Magnetic Balls Review

If you’re old enough, you might recall the thrill of an old arcade cabinet rotting in the corner of a local pizza place or laundromat, flashing game demos across its screen and promising fun while you wait for your underwear to dry. And if you do remember these modern fossils, you might also remember Bust-A-Move, a colorful puzzler from Neo Geo. Its cute graphics and addictive gameplay solidified it as a staple of arcades. Magnetic Balls, while it may lack the cute presentation, is the closest thing we’ll ever see to a spiritual successor of the arcade classic.

Magnetic Balls is a game about magnetic balls. You know what you’re getting into right away. The game is played by holding your device vertically and tapping the screen to shoot your ball. Match three of the same color and you score points. What separates this game from the others in the “shoot colorful balls for points” category is its physics engine. If you haven’t already guessed by the title, the balls are magnetic, and fly and bounce with the grace of real magnetic balls. This small addition vastly improves the base game and adds another layer of strategy, as well as the satisfaction of shooting around tight corners and crumbling the ever growing wall of balls.

There are two modes available: an endless mode with adjustable difficulty and a campaign mode. You can choose between four different worlds that feature different physics and decorations, both of which can be turned on and off in the menu. There are also special balls that cause explosions and other effects. In addition to the whopping 384 levels available, the game features plenty of collectables, leaderboards, and a mini-game in which you help decorate a penguin ski resort (why? Because people love penguins!) There are some in-game purchases and ads that you can suffer through for some extra gems to buy items with, but they weren’t so much intrusive as they were mildly annoying.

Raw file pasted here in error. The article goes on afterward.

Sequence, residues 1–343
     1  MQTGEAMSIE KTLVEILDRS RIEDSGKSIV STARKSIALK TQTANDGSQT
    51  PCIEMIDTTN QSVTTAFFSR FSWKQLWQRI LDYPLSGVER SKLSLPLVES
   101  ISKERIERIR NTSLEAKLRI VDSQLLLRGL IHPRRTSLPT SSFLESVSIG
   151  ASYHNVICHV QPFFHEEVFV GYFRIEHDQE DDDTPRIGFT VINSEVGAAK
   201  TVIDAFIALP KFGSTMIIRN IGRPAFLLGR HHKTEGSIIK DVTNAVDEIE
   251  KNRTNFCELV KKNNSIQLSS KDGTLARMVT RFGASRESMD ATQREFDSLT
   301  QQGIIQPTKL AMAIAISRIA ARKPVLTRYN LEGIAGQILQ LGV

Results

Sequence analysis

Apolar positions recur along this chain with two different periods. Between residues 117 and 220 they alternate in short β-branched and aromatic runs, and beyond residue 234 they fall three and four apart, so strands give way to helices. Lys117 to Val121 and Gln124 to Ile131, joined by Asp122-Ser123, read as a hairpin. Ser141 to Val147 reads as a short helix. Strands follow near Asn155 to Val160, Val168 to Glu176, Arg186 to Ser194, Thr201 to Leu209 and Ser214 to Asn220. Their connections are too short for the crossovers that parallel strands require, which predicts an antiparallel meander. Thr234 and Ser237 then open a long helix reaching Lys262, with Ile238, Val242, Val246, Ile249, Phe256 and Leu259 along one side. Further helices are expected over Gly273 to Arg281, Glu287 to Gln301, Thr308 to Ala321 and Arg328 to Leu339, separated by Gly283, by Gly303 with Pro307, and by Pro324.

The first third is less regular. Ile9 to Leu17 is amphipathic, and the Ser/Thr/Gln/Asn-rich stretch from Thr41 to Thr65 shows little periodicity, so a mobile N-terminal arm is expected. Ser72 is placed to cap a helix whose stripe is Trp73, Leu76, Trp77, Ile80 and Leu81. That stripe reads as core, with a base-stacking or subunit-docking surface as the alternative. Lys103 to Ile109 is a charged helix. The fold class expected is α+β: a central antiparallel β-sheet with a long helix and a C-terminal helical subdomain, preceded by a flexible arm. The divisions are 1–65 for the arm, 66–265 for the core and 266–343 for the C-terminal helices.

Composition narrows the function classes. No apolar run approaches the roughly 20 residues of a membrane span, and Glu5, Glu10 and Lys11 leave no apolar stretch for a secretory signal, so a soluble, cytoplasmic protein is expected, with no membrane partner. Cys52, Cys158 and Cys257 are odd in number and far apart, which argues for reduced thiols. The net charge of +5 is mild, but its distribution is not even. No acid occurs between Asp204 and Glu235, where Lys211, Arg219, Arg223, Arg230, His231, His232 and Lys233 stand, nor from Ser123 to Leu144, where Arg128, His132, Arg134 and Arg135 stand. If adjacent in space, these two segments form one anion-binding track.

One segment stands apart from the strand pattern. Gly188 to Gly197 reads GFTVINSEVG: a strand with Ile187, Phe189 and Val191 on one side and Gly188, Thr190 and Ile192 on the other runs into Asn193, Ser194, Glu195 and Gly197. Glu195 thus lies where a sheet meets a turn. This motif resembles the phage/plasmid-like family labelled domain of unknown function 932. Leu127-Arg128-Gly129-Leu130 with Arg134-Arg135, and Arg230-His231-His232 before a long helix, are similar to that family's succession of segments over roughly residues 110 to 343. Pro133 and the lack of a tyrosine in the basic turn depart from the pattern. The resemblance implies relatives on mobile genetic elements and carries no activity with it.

Unfortunately, while Magnetic Balls does have a lot to offer as a ball-bouncing, puzzle game, it doesn’t necessarily do much else. If you’re a puzzle enthusiast or a Bust-A-Move, you’re in luck. This game is all that and nothing but that. Anyone expecting the next great puzzler might be disappointed. Its generic design and art may also ward players off before they even download it.

I admit, I walked into Magnetic Balls expecting to hate it, but came out pleasantly surprised and shamelessly guilty of actually loving it. Regardless of whether it was nostalgia goggles or the simple, almost therapeutic gameplay, I genuinely enjoyed this game. While it does nothing to forward the platform or the genre, it manages to feel at once familiar and new, and channel a simple, old school charm that’s rare in the free-to-play store, plus there is an upgrade option for .99 cents if you choose to rid yourself of ads. Once you get past the generic name, you’ll find pure, unadulterated fun in Magnetic Balls.

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